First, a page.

15 Business Competitions for High School Students
- Why Should You Enter an Investing Competition?
- 15 Business Competitions for High School Students
- How Do Business Competitions Affect My Admissions Chances?
Whether you dream of being a billionaire businessman like Mark Cuban, an investment icon like Warren Buffet, or a founder who’s focused on giving back like Hamdi Ulukaya, the creator and CEO of Chobani, entering a business competition for high schoolers is often a great first step toward a successful enterprise.
Why Should You Enter an Investing Competition?
Business competitions are a great opportunity to show off your entrepreneurial spirit while gaining a deeper understanding of the challenges of starting and running a business. Business competitions allow you to highlight in-demand skills like idea generation, creative thinking, leadership, and communication. They also give you a chance to learn about building a business and to test your ideas in a relatively risk-free environment—after all, there is no capital or investment to lose.
Many business competitions will also connect you with real-life professionals and college business school faculty. This creates both the chance for mentorship and the foundation of a business network that can serve you both inside and outside of the classroom—it can help with everything from gaining college admission to getting a business off the ground.
Business competitions for high schoolers also often provide winners with monetary awards or scholarships which are beneficial for keeping the cost of college down—something every aspiring business person can appreciate.
15 Business Competitions for High School Students
Date(s): 2023 dates announced in August
This business challenge tasks students between ages 13 and 18 to apply science and technology to solve global issues, create a pitch, and build a business plan. Participants work in teams of two to five students to compete in four traditional categories and one special category that changes annually. The four traditional categories are:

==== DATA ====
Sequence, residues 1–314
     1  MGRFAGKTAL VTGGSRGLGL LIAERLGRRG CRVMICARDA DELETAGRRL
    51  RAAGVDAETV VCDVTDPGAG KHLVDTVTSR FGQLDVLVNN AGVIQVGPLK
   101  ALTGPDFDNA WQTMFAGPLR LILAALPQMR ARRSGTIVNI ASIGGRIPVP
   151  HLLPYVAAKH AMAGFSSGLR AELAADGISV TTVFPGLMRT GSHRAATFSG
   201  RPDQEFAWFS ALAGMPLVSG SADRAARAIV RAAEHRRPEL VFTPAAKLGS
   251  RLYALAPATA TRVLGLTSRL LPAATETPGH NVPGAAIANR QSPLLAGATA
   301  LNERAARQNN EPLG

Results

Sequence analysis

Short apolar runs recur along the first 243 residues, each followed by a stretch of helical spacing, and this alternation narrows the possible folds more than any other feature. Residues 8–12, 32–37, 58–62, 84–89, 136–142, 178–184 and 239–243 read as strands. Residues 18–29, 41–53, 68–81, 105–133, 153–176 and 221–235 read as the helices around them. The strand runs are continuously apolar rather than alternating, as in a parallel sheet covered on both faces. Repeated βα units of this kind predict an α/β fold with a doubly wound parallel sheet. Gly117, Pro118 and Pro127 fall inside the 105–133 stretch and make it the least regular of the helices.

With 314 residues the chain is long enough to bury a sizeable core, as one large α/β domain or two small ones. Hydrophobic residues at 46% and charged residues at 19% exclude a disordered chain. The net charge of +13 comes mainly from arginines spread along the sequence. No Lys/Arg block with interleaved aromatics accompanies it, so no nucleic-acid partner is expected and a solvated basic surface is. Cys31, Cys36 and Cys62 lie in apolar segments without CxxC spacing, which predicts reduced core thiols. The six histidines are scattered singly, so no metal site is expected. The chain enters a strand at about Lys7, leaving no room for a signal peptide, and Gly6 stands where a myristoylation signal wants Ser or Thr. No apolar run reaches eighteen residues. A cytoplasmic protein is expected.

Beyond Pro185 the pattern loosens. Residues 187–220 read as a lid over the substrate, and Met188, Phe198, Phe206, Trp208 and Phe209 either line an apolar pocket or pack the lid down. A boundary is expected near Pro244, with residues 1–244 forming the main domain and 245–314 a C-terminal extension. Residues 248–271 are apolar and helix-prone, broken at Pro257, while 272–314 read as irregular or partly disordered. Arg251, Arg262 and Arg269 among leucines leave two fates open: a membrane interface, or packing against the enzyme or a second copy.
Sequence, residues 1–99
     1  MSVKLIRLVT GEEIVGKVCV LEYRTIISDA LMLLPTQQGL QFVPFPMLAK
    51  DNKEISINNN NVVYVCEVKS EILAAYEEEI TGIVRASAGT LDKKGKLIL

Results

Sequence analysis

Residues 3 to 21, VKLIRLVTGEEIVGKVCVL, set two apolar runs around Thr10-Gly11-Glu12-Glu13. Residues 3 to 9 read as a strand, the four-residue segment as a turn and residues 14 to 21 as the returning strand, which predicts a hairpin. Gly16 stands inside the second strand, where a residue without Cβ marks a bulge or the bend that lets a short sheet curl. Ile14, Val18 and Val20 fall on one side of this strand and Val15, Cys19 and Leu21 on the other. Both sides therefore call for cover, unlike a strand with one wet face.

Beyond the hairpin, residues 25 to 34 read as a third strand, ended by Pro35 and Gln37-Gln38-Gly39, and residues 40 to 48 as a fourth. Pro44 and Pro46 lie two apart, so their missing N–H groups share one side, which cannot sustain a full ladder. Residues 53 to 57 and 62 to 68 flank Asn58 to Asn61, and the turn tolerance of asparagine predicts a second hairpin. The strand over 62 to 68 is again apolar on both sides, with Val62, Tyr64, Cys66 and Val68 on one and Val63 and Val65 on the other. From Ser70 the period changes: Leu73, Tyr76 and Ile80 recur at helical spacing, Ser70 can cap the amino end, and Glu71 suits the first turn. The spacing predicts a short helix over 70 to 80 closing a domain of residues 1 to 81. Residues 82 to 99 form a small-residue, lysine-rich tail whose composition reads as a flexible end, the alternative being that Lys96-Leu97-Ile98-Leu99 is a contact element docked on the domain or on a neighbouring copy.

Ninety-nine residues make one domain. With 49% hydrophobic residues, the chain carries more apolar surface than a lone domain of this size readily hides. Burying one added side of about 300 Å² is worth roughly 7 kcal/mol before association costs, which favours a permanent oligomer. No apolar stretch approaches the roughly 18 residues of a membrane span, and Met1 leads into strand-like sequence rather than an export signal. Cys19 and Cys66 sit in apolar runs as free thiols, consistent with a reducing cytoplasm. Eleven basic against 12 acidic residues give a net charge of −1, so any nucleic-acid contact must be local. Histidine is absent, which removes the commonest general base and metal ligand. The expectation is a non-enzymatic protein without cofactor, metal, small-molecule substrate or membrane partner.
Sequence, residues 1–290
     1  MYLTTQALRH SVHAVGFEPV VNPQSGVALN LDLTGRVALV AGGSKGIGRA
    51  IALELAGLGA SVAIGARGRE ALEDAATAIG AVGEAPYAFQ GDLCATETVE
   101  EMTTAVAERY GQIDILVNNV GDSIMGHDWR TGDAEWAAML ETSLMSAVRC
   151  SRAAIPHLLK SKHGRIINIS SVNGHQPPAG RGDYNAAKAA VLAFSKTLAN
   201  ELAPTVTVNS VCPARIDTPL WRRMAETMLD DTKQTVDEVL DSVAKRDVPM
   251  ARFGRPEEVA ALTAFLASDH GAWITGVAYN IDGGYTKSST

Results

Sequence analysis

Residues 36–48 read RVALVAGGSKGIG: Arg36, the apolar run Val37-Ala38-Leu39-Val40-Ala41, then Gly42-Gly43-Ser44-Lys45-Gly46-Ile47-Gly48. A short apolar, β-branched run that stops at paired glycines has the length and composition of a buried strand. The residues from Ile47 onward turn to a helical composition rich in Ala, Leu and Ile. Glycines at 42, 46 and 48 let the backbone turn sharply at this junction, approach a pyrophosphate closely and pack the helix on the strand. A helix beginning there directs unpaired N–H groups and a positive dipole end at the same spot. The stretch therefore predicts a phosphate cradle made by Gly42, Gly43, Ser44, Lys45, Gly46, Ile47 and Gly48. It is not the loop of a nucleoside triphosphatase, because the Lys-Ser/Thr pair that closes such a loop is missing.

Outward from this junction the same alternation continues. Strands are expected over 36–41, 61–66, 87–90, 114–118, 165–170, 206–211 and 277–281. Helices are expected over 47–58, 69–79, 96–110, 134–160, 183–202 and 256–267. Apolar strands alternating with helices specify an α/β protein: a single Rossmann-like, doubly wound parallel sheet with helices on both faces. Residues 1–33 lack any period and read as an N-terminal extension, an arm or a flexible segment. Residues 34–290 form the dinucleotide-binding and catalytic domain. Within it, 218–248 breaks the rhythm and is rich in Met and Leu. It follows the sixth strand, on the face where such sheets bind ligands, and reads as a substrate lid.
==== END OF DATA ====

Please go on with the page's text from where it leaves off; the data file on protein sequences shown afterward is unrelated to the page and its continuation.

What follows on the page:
- Aerospace and aviation
- Cyber technology and security
- Energy and environment
- Health and Nutrition
The 2021/2022 special category was “re-purposed farmlands and alternative uses of tobacco (and its by-products)”.
The Blue Ocean High School Entrepreneur Pitch Competition is one of the world’s most prestigious business competitions for high school students. Participants can work alone or in teams of up to five to generate an innovative product or service that the world needs and pitch it in a maximum five-minute-long video.
Individuals between the ages of 13 and 29 are invited to participate in this business competition focused on using entrepreneurship to solve global issues. Participants are challenged to create or implement an idea, project, concept, solution, or initiative with a societal impact that addresses one of the United Nations’ 17 Sustainable Development Goals.
The Wharton Global High School Investment Competition is a highly regarded business competition for high schoolers and is open to students in grades nine through 12. Participants are required to examine a case study of a potential client and create a portfolio that meets their long-term goals using $100,000 in hypothetical funds. Unlike investment competitions that select winners based on the performance of their portfolio, Wharton Global High School Investment Competition winners are chosen based on the strength and articulation of their investment strategy.
The GYEC is a 12-hour, online, worldwide business competition for high school students ages 14 through 19. Participants work in teams of up to eight students—each ideally possessing broad and complementary skill sets—to solve a significant global problem using an innovative and sustainable enterprise idea. Winning teams will receive a trophy along with an award certificate.
Participants in the GENIUS Olympiad compete in numerous categories (including business) focused on environmental issues. Students can compete in one of two business tracks: entrepreneurship or social responsibility. Both tracks require the participant to deliver a presentation as if they were making a real pitch for funding—dressing in formal business attire and including an accompanying PowerPoint presentation.
This well-known high school business competition is an initiative of Horn Entrepreneurship
at the University of Delaware. The challenge features two tracks for participants to compete, business innovation and social innovation. Both tracks require participants to work in teams of two to four students, to submit a concept narrative, and provide a pitch deck. Diamond Challenge offers substantial awards to its winners—first place takes home $11,000, second place $7,500, and third place $3,750.